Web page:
Exercise tests Ramstein’s cyber defenders

2nd Lt. Robert LaFountain
435th Communications Squadron

These days, the technical jungle is sometimes the most dangerous one of all. For military organizations, high-powered networks contain sensitive information and expensive equipment that, in the wrong hands, could wreak extreme havoc.

To help prepare against network threats, the Department of Defense is conducting Exercise BULWARK DEFENDER ‘07 on Ramstein through March. The exercise contains a series of events designed to test the abilities of network defenders to preempt and react to different threats, as well as evaluate command-and-control processes.

“This joint global network-defense exercise will provide Ramstein technicians with a unique training opportunity and assessment,” said 2nd Lt. Brian Edlefsen, 435th Communications Squadron OIC, Executive Support Cell. “(It will also) share effective network-security tactics, techniques, and procedures across the DOD, and ultimately encourage improved information flow at all levels of local and global network administration.”

The U.S. Air Forces in Europe Network Operations and Security Center and Network Control Center are prepared to protect the $22 million computer network from viruses, hackers and a variety of other threats. However, Ramstein’s network defenders rely on every person in the network to help.
“Together we can maximize the lessons learned and provide invaluable training to future network defenders while enhancing command-and-control procedures, and sharpening our tactics and techniques,” said Lieutenant Edlefsen.

To help USAFE network users sharpen their network defense skills, the 435th Communications Squadron offers the following scenarios.

Scenario 1: social engineering

Airman Conaltdel is working in the office and receives a call from the NCC about a problem with his computer. The NCC technician asks for the user’s CAC PIN to fix the problem. What would you do?

ANSWER: Don’t give out the number, and report the incident. No one, including the NOSC and NCC, will ever need your PIN. Your PIN is for you and you alone. If this does happen, contact your Information Systems Security Officer or Wing Information Assurance office immediately.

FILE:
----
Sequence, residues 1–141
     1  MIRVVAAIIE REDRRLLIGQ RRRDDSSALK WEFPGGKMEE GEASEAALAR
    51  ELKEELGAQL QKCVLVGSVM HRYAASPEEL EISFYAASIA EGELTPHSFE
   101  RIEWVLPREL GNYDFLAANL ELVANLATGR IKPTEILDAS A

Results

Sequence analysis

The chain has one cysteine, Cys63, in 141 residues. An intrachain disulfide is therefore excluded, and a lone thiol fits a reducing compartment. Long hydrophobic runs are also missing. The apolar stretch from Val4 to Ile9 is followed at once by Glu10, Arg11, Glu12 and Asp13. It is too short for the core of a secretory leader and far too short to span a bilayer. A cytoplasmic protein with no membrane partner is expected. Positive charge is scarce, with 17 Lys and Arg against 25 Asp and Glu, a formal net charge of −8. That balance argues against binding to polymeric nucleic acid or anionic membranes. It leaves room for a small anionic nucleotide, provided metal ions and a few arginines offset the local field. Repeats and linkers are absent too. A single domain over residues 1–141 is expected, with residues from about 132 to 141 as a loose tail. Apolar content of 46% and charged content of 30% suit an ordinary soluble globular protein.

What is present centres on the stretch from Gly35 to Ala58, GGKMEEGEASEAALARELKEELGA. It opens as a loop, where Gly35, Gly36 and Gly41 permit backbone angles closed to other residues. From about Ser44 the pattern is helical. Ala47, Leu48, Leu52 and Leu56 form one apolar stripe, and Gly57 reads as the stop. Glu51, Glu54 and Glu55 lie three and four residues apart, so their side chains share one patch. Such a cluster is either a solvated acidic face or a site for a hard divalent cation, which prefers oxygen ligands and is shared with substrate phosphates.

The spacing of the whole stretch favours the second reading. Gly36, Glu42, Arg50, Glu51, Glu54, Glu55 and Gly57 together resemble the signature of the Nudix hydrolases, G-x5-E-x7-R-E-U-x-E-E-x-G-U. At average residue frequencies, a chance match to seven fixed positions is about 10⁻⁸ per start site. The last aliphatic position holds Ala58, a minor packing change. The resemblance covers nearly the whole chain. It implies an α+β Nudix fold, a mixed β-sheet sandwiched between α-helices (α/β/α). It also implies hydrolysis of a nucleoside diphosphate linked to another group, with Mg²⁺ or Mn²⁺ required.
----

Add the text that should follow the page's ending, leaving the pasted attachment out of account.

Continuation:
Scenario 2: Phishing

Airman Angler is checking his e-mail and receives a notice that his bank accounts may have been tampered with. The e-mail requests that she send her social security number and account numbers to validate there has been no foul play. What would you do?

ANSWER: Do not send your information, and report the incident. This type of activity is called “Phishing” and attempts are on the rise. Contact your financial institution directly and do not give anyone your PIN. Just as with your CAC, your PIN is for you and you alone. Your bank does not need the number. If you suspect phishing is taking place, contact your ISSO or Wing IA office immediately.

Scenario 3: physical security

Airman Lockdown is sitting at his desk and a NCC technician comes into his office and tells him about a network outage. The NCC technician asks Airman Lockdown if he can use his computer while he has it open to do some quick maintenance. What would you do?

ANSWER: Deny access and take names. Question anyone who you do not know coming into your work center. Most network outages can be fixed at the NCC. Do not relinquish control of your work station because administrative personnel must log on with their own accounts to perform any maintenance.
For more information, contact the 435th Wing Information Assurance office at 480-5519.